River Gallo, multidisciplinary artist, film director, and intersex activist shares how the Trans Possibilities Intensive fellowship with the Sundance Institute softened their creative perspective to approach their work with more self-care and the wellness rituals that help them stay present.
When I talk to River, they’ve just finished up the final day of their fellowship program with the Sundance Institute. Their face is glowing from the Los Angeles sun streaming in through their apartment, but there’s something else, a bright energy radiating from them. I can feel it through my laptop screen.
Alongside River, five other trans filmmakers of color were selected for the Trans Possibilities Intensive created by Moi Santos of the Sundance Institute to foster “a space where trans people can see themselves and the possibilities of fully realizing their cinematic expressions into reality”, says River as they turn side to side in their rolling chair, golden snake earrings swaying above their shoulders like two emblems of wisdom. Over three days, the fellows enrolled in masterclasses about writing and conceptualizing their projects for specific audiences. They also had a day of one-on-one sessions with mentors such as Tourmaline, Sam Feder, Yance Ford, and Ro Haber, who read the fellows’ scripts and provided feedback.
It’s rare for these types of spaces to exist in the film industry that’s crowded with white, cisgender men. Trans representation on-screen has been slowly improving, but mostly through independent filmmakers like River and their cohort of fellows. Last year there was not a single transgender or non-binary character in any of the movies released by major studios, according to the most recent report from GLAAD. This was the fourth year in a row where Hollywood’s major studios failed to include trans and non-binary characters in their films, which makes programs like the one from Sundance so critical in nurturing the next generation of storytellers.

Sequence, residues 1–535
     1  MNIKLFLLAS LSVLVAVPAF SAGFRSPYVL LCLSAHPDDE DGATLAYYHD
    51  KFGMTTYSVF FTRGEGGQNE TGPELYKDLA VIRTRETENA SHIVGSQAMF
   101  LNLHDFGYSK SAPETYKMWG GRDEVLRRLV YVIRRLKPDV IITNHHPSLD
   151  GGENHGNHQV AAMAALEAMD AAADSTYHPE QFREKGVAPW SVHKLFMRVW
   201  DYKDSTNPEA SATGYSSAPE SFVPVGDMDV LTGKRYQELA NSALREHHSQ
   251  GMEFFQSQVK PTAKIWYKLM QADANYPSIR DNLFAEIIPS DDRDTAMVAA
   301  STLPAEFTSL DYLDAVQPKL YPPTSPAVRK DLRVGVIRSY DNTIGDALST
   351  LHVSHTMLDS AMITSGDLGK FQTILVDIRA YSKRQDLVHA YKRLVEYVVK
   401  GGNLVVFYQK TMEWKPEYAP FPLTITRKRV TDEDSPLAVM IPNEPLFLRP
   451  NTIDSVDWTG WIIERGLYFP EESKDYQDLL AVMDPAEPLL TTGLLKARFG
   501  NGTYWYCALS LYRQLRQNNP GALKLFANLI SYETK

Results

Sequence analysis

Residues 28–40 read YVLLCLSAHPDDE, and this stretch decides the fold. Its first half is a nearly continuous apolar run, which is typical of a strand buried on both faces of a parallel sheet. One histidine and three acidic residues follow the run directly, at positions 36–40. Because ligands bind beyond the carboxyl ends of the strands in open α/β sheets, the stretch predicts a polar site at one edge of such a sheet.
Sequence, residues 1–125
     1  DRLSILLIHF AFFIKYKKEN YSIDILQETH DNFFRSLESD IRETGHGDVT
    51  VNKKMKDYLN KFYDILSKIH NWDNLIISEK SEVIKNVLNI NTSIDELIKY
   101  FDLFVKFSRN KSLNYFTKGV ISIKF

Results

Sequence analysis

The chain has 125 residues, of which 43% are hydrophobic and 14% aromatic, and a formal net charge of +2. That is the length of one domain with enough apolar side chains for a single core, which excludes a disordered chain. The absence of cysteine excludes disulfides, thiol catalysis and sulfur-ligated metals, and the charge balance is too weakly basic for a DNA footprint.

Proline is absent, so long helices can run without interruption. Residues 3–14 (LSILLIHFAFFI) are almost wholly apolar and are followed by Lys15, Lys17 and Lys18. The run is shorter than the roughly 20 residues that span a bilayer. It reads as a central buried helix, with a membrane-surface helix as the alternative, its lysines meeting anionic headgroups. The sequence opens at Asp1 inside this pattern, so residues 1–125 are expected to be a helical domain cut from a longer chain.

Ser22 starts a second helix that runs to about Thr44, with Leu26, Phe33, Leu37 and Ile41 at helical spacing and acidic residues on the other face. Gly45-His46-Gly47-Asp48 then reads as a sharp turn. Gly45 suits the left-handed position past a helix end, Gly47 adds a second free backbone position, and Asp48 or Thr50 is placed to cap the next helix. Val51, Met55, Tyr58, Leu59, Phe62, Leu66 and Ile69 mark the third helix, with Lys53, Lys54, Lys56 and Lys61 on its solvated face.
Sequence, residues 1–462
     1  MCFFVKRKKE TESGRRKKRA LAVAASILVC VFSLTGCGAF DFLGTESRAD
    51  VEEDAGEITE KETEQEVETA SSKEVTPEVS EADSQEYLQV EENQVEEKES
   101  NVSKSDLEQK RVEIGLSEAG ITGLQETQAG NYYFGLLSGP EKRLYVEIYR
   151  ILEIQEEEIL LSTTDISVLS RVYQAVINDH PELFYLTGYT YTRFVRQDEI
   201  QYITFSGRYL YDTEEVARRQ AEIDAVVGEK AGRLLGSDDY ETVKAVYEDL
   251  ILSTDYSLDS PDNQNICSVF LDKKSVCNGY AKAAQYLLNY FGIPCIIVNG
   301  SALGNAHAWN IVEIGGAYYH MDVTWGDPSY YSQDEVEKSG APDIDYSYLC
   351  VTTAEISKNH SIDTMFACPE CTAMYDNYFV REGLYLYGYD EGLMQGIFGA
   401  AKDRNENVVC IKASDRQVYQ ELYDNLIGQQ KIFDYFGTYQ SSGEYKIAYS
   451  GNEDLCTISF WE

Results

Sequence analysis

In light of the recent events with Netflix airing Dave Chappelle’s comedy special, it’s critical to interrogate the role of media representation for marginalized communities. A widely known comedian joking about the fact that he’s “team TERF” and “gender is a fact” impacts how millions of viewers see trans people and the gender binary. It’s moments like this when the lack of authentic representation of gender non-conforming people in the media becomes glaringly obvious.
We caught up with River about their fellowship experience and how it influenced their creative perspective. We also chatted about their film Ponyboi, the first narrative film that was created by and stars an intersex person, and their wellness routines that keep them grounded so that they can do their best work for themselves and ultimately for their community.
I would love to hear about the Trans Possibilities Intensive program that you were a part of. What was that like?
The first day I didn’t have makeup on and it just felt like I was around family and didn’t need to present in any other way than how I showed up that day. It reminded me of the freedom and liberation that is found when you’re amongst trans and non-binary people. It’s a rare opportunity to feel so comfortable—like you’re speaking the same language and on the same wavelength.
Something that was beautiful was what Tourmaline, the visual artist and all-around amazing human being and filmmaker, said to me earlier today. She told me about setting parameters on what feedback you’re available to and not available to, especially when dealing with people who are cis and don’t understand our experiences quite as well.
In a screenplay, there are certain things a trans person will understand that other people won’t. But that gap is not a problem that needs to be filled. It’s an opportunity for both trans and non-binary people and cis people and allies to come together and discover new versions of ourselves or new concepts that were not available to us.
In that unknowing space is a place of infinite potential.
It sounds like there was a lot of liberation that was gained from being in this program. How did stripping away all of those performative elements, be it through makeup or artistic expression, change your creative process?